I was having my hair cut today and I told the hairdresser that I found a small rare plant. She asked, “What good is it?” A fair question from someone who couldn’t care less. Well, it was only discovered in 1991,” I said, hoping to elucidate, “so no research has been done yet to find its medicinal or food value.”
“Then what good is it?” she asked again. A fair question for someone like me who cares about rare and endangered plants and realizes she is one of a few who can or could understand.
So I went back to the place where I found the rare plant, a sedge. “OK, sedge,” I said, “Talk to me. Tell me what good you are.”
It gave me no mental insights, but it sure was cute. The tiny spikes were less than an inch long, in rows of two. While I was admiring its small form, a creature of the ground litter legged by, paused, turned its thick black head, and munched one of the spike’s seed-sacs, and moved on. Hmm, I thought, one point as food for an arthropod.
I was still looking at the plant when a swooping sound made me look at a bird that just snatched up the black leggy creature and flew up to a treetop. I could hear the “feed me, feed me” sounds of baby birds. Hmm, I thought, another point for being in a food chain of what-eats-what-eats-what.
I noticed its leaves grew in rows from the grassy tuft. I pulled on one, a rooted cord that I lifted from between other grassy plants. Hmm, I thought, it lives with other plants. If one dies, others cover the soil in its place.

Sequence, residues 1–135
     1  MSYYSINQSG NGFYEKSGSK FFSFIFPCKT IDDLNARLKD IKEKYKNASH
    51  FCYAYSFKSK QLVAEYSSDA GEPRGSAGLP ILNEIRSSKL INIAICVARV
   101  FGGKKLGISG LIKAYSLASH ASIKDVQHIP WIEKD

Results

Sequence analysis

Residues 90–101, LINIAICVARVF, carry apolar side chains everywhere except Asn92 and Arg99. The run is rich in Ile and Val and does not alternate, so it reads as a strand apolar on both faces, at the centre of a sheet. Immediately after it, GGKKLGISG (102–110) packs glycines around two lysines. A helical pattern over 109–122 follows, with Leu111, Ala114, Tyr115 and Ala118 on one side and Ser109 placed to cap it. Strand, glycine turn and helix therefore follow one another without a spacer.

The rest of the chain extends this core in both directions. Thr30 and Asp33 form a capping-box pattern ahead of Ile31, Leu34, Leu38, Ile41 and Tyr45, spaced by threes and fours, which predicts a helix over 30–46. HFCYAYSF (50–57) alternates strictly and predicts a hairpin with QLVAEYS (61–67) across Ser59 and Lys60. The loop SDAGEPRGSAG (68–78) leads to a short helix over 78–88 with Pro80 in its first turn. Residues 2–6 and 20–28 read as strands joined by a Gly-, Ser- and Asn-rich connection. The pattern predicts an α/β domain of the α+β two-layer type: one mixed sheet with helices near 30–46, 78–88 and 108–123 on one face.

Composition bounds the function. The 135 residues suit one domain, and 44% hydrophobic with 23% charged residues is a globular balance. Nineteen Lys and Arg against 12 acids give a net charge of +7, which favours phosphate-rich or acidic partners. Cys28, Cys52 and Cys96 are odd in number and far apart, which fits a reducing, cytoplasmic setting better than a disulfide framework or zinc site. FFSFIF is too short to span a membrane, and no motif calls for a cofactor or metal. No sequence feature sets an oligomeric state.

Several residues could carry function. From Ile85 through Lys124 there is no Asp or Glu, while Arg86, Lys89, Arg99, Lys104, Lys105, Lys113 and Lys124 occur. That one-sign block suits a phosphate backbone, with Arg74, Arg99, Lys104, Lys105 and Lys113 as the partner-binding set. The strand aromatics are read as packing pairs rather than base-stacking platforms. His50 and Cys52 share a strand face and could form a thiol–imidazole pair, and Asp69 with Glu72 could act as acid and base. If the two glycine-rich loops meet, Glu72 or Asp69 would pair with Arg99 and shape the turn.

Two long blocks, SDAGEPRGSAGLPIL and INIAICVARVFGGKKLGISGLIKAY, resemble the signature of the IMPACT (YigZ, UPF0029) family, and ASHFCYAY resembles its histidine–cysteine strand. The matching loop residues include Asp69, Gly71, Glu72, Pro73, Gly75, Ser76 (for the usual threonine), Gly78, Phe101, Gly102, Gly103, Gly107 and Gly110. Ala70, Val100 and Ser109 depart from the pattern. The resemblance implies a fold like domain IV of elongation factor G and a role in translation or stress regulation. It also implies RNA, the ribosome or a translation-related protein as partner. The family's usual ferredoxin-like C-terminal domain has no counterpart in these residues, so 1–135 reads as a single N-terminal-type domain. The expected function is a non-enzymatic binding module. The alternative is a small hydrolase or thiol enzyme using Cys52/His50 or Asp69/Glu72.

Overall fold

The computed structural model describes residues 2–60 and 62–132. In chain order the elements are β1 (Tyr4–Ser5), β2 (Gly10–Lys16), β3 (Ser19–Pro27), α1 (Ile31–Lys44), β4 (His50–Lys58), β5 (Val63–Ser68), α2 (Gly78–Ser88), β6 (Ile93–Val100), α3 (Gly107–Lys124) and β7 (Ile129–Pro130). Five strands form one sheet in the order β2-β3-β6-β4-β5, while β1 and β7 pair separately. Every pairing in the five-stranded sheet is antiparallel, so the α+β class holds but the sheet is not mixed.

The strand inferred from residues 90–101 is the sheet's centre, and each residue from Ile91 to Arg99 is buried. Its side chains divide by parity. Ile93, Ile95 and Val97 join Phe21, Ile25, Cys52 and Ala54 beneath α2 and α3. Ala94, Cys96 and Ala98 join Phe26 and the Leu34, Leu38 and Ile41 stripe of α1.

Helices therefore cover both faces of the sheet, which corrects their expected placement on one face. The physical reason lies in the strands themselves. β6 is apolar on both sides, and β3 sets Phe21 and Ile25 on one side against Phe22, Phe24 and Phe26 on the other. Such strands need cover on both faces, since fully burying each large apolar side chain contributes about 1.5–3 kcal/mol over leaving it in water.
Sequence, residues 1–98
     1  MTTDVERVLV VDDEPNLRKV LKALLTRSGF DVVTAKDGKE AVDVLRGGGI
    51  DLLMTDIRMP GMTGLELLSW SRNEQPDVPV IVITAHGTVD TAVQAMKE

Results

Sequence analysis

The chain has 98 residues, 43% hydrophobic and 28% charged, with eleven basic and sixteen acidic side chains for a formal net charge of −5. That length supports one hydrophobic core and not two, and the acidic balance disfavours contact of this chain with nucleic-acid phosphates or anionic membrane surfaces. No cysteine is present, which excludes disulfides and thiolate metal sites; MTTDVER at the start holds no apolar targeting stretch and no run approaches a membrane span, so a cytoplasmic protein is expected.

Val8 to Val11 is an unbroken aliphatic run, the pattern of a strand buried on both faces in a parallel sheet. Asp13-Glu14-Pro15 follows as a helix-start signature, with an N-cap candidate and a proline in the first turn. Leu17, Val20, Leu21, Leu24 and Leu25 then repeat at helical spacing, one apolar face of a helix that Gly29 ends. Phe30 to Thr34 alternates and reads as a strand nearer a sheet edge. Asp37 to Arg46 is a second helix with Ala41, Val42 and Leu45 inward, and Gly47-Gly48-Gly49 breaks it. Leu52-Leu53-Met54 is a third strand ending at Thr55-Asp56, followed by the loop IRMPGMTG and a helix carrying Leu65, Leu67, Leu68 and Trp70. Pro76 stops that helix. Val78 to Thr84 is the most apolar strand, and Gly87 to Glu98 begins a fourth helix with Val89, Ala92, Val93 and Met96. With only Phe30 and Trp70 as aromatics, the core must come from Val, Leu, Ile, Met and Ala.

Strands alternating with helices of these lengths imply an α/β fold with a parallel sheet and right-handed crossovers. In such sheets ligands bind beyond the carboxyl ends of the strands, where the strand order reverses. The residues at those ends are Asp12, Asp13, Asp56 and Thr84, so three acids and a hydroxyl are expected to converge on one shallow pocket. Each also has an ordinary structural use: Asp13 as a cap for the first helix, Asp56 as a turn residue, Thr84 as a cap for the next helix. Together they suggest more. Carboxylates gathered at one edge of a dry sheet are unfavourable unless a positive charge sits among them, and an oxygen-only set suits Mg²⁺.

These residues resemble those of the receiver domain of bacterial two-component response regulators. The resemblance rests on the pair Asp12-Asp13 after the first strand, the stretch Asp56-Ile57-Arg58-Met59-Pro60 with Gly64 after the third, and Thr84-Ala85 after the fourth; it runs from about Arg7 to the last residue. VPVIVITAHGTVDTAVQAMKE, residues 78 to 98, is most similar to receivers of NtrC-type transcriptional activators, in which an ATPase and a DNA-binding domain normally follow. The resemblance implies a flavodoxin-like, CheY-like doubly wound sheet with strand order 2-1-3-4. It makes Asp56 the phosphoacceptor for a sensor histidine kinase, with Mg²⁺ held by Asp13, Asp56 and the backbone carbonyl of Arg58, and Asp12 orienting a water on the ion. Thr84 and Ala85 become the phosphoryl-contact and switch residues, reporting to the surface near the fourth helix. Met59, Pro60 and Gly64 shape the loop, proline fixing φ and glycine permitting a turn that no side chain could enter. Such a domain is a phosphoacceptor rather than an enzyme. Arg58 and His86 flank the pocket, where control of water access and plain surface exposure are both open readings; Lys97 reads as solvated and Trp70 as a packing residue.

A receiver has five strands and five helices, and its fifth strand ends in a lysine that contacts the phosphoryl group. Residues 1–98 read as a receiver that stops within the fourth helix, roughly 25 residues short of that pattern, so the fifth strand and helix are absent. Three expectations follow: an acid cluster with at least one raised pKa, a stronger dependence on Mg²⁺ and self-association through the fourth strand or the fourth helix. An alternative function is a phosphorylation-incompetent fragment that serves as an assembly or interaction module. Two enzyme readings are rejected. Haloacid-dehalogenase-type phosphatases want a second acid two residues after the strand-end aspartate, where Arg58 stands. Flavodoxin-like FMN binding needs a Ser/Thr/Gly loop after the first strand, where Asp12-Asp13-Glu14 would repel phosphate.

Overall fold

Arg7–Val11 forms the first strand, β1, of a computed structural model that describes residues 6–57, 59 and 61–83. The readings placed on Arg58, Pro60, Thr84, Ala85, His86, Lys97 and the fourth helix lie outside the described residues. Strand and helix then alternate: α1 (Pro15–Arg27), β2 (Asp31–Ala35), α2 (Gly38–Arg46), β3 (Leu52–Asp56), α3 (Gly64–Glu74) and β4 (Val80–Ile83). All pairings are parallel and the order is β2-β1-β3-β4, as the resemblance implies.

A thunderclap overhead reminded me my time was limited. This area was known to flood from heavy rains and I wondered how the plants survived. Hmm, I remembered, some plants have enough air spaces in their underground stems and can survive for days underwater. That’s why they can survive on a floodplain as they hang on tight with intermeshed roots. That would help other plants “hang in there.” Plants don’t live in isolation, plants are part of an association. A little plant is just one part. It was good.
So, months later, I went back for another haircut. “I found a rare small plant.” And as before, she asked, “What good is it?” I would have liked to say I ate it and it was delicious, but I couldn’t. Or, it was pretty, and I picked it for a bouquet. No. So I said it was small, rare, and food for little creatures. “Well,” she said, “What good it that?”
So, I went back again to visit the plants. The seed-sacs were no longer there, eaten, I presumed, by birds and bugs. Only the leaves, dry and withering, were left on the tuft. As I sat and hoped it would talk to me, a bird hopped down and with quick jerking movements plucked some dried leaves and flew into the marsh. Hmm, I thought. That’s not the same bird I saw before, it’s some kind of wren.
I walked to the edge of the marsh and watched. Head up, head down, up and down, a perky sedge wren constructed a nest in the marsh in a clump of sedges. It wove the leaves in and out of the other leaves and made a domed roof over its nest. Hmm, I thought, nest and roof all in one. The bird sat on top of its nest and rested. Hmm, a nesting and resting place, I liked that.
A few months later, my hair needed another trim. “You know that rare plant I found?” I asked the hairdresser. “Yes,” she answered, did you ever find out what it was good for?”
“Well, yes,” I answered. “It was used to build the nest of a sedge wren. The plant was a sedge and has roughish leaves that cling together and hold the bird’s domed nest together in bad weather.” I showed her a photo that I took of the wee wren and its nest. “The bird is an artist like you,” I said, “but arranges sedge leaves instead of hair.”
“Yes,” she agreed, “That IS what it’s good for.”
Linda W. Curtis